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State House reporter Dustin Racioppi's reporting sheds light on SDA nepotism Asbury Park Press

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The Schools Development Authority, responsible for billions of taxpayer dollars in New Jersey's poorest areas, will be restructured or moved under state control after a political patronage scandal led to mass firings and internal reforms as well as costly lawsuits in the fallout, Gov. Phil Murphy and legislative leaders announced Tuesday. 

The unexpected announcement means it could be the second time the authority has been broken up and reconstituted in its two-decade existence.

The first time, under Gov. Jon Corzine, followed news reports showing that what was then the Schools Construction Corporation had mismanaged millions of dollars through poor planning, excessive professional fees and lax oversight. 

But extensive reporting by the Trenton bureau of the USA TODAY Network Atlantic Group detailed political patronage and improper hiring under Murphy's chosen leader at the reconstituted Schools Development Authority, Lizette Delgado-Polanco

A powerful political figure at the time, Delgado-Polanco had fired about two dozen longtime employees and hired three dozen friends and associates and at least one family member who had been forced to resign from another public job because of a sexual harassment allegation, the Network found. 

The new hires bloated the payroll by more than $2 million at a time when the authority was supposed to be focused on securing state support for a new round of borrowing for it to continue its mission. 

In some instances the authority bypassed its normal hiring process for the new hires. In others, the new employees did not meet the requirements for their jobs. And, the Network found, the authority manipulated job descriptions after the hiring spree.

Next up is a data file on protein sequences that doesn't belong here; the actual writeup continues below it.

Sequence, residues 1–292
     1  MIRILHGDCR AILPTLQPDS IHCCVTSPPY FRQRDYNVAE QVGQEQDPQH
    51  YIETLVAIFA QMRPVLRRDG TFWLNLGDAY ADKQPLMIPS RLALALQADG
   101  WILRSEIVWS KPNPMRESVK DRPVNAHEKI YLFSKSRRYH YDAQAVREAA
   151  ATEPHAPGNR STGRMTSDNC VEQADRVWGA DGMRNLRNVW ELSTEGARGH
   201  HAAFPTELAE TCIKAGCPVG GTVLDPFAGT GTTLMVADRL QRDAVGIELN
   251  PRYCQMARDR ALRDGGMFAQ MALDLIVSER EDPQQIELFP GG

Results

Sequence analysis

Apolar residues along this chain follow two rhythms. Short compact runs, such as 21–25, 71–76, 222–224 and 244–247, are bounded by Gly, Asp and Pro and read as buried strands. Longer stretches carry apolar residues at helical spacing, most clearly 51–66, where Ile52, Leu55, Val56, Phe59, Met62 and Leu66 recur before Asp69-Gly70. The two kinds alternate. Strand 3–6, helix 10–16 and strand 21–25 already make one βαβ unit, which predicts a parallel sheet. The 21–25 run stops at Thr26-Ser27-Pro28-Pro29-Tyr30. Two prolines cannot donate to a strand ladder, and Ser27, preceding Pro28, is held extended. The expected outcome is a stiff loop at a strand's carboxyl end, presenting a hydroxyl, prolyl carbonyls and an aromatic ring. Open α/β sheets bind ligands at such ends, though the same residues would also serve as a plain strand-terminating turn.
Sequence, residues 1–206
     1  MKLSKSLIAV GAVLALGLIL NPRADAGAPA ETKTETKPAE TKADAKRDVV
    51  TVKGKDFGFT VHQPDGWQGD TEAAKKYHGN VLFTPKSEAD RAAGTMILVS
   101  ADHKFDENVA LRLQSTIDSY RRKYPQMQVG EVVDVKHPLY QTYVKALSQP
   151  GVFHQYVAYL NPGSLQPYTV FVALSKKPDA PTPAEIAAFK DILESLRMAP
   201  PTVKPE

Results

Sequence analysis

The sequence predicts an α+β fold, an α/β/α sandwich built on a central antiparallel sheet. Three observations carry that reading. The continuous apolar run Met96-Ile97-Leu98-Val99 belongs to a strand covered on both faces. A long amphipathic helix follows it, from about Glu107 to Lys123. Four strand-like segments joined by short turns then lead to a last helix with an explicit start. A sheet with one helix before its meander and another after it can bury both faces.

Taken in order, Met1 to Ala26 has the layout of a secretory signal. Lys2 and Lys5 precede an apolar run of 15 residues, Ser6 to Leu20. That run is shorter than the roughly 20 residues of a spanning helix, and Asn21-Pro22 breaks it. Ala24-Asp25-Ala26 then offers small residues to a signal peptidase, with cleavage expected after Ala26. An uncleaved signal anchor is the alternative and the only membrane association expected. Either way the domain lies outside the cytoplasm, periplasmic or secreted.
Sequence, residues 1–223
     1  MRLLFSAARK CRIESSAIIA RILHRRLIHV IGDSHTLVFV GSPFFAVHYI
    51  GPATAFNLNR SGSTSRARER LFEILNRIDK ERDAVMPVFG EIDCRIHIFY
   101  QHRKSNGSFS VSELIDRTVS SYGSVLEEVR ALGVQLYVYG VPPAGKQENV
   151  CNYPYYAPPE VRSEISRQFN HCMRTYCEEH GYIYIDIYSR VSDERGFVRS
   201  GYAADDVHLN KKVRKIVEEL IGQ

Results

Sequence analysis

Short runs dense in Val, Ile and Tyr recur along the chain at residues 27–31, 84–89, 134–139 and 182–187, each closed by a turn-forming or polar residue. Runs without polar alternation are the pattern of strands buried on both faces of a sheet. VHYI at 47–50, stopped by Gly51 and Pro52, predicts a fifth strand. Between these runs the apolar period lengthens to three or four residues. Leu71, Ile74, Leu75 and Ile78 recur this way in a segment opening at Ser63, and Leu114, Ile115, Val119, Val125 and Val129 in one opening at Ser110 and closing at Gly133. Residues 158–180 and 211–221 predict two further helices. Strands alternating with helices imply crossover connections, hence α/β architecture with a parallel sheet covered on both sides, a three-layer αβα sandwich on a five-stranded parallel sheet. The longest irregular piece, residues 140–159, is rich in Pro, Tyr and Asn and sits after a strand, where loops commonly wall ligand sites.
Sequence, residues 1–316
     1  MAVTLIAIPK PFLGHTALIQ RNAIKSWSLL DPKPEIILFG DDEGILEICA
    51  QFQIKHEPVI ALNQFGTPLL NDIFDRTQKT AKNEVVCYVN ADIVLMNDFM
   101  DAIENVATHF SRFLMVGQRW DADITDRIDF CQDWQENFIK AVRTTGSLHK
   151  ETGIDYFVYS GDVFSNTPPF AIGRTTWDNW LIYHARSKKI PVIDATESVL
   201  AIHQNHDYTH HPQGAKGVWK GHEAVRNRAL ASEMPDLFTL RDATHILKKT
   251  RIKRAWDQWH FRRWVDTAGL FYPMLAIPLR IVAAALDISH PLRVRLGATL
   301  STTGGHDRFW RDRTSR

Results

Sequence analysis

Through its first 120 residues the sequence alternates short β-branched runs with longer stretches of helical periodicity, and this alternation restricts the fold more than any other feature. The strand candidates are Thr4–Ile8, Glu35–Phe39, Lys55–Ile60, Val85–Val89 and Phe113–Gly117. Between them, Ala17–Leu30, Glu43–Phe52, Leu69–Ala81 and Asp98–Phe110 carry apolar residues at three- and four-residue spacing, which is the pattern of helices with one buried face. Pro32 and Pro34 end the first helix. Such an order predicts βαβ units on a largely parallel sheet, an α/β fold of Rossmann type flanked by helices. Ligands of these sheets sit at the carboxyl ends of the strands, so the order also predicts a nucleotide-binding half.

Exclusive: Cleaning house to install family, associates: Questionable Murphy admin hires continue

What the scandal entailed 

Lawyers hired by the Murphy administration and the State Commission of Investigation, an independent agency, confirmed much of the Network's reporting. But the state commission also took a wider view of the authority's spending and oversight, finding "years of inconsistent and questionable" management in a report issued this month

Murphy and the state's top Democratic leaders cited "recent independent reports" in their announcement, which lacked key details about the future of the organization. 

"We will act to effectuate change and look to restructure the organization or move it under another state entity to improve the state’s ability to deliver and effectively manage public school construction projects," Murphy said in a joint statement with Assembly Speaker Craig Coughlin and Senate President Stephen Sweeney, all Democrats. 

"As we work toward funding reauthorization, we will also review the organizational structure of the SDA and consider all possible alternatives to the current structure in the months ahead," the statement said. 

The announcement marks another turn for an agency that in many ways had been held up as example of efficiency and good governance in the wake of the first scandal but then imploded with the patronage hiring.